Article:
The Last Word
The Last WordSearching for the Garden of Eden in the Gulf of MexicoNot Quite Paradise Found, Just a Boatload of Embarrassment
By Janett L. Grady
During a recent stay with my daughter Jeannie and her family, not far from Tallahassee, my son-in-law apparently thought I was bored.
“Why don’t you guys go out on the water?” he said. “Load up the outboard and cruise around. It’ll give you a chance to be alone.”
Fine with me. I was far from being bored, but I figured it might be fun talking to my daughter in private, and I could always use a little time in the great outdoors.
My daughter’s home is what most of us would call a mansion, a castle on a hill overlooking the mighty Gulf, so we didn’t have far to go, just down a wooden staircase to the boathouse. Jeannie and I filled a cooler with ice and beer and took off.
All this is a long way of saying I was more than a little surprised when Jeannie and I suddenly found ourselves sharing the deep blue sea with two others trying to be alone, a young couple who apparently thought they had found the Garden of Eden.
They were completely naked, in a canoe and coming our way as we motored around a bend along the shoreline. As soon as we saw them, Jeannie cut the engine. The couple quickly turned their craft to hide themselves, but Jeannie loudly assured them we were looking the other way.
When such a situation occurs, the polite and decent thing to do, of course, is either to let them paddle by while you look at the scenery, or gun the engine and speed up until you’re out of sight. But my daughter and I have never been known for being overly polite.
“You’re not alone out here,” I blurted out. “You’re lucky we didn’t bring the kids.”
The couple had grabbed their shorts from around their necks and were trying to pull them on as quickly as they could without tipping over. Frankly, they looked a little silly trying to accomplish this feat.
“It’s alright,” said Jeannie, “there’re no kids … and we’re not offended.”
That’s when it dawned on me that they were more than likely feeling embarrassed because I was reminding them of their mothers, or grandmothers. I thought of saying something motherly about common decency, but decided against it; I figured, why bother, they were already getting dressed.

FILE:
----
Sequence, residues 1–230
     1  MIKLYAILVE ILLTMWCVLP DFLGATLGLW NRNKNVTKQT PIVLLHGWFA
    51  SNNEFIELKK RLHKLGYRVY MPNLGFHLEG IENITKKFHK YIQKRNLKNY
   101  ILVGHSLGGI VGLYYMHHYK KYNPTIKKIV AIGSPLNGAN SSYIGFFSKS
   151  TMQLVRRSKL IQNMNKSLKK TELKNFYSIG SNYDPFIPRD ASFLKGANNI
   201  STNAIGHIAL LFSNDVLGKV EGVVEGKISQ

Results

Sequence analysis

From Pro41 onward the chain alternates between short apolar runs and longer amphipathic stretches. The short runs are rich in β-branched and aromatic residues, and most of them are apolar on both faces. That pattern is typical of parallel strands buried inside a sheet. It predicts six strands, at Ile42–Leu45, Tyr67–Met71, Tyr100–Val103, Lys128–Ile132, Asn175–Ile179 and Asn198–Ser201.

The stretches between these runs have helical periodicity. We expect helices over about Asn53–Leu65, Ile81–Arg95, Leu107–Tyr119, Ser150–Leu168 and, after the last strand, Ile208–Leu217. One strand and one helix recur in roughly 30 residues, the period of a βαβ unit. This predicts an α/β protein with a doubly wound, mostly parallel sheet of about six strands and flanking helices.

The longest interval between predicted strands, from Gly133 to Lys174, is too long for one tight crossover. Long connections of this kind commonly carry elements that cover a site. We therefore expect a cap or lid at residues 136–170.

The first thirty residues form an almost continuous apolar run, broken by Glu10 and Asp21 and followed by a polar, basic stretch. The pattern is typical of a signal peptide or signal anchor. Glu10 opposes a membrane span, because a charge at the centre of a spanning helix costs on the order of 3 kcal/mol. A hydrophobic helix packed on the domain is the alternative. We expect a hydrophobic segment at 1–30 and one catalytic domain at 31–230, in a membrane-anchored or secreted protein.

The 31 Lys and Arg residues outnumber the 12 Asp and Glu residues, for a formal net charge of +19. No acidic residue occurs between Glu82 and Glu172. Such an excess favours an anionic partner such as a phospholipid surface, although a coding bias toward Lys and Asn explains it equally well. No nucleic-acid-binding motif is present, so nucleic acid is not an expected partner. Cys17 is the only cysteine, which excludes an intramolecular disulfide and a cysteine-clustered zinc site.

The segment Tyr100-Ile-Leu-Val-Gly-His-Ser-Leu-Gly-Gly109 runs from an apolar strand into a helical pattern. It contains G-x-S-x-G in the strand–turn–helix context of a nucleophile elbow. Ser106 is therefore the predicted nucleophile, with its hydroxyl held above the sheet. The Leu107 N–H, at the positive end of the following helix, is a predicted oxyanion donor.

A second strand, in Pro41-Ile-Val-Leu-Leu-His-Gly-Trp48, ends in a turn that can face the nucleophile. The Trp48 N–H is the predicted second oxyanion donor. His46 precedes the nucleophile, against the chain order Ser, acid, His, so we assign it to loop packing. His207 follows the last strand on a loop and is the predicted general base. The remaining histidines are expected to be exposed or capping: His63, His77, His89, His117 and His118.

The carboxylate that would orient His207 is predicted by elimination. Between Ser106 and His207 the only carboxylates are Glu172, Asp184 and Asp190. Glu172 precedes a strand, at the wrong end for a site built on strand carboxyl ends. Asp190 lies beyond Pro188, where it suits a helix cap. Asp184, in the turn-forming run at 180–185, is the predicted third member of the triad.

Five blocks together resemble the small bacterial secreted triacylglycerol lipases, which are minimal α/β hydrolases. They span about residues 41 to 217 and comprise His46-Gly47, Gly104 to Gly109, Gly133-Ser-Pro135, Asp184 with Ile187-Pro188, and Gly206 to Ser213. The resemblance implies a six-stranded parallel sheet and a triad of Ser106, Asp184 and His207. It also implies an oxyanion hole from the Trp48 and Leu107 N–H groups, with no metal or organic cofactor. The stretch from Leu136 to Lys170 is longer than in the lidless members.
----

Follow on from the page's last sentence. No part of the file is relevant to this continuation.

“I’m sorry, ladies,” the young man said as he pulled on his shorts. “I just got back from Iraq. We’re on our honeymoon and we thought we’d be the only ones out here, and it’s such a nice day, and … .”
“Hey don’t worry about it,” Jeannie cut in. “We were young once too, you know, and besides, we’ve seen it before.”
We all tried laughing at that, and I thought the couple might relax and stop being in such a panic trying to cover themselves.
They each yanked a jersey out of the pocket of their shorts and pulled it on. Their jerseys read United States Navy. They were now completely decent, including the woman (who was quite attractive, I might add), and paddled around us smiling and waving their goodbyes. Jeannie started the outboard and we continued our cruise along the shoreline.
Later that evening, as Jeannie and I were securing the boat, I couldn’t keep myself from wishing we hadn’t broken up the spell of the couple’s enchanted day on the water.
It was good to have learned, though, that our young people are still basically decent … a bit careless about keeping their clothes on, perhaps, but decent.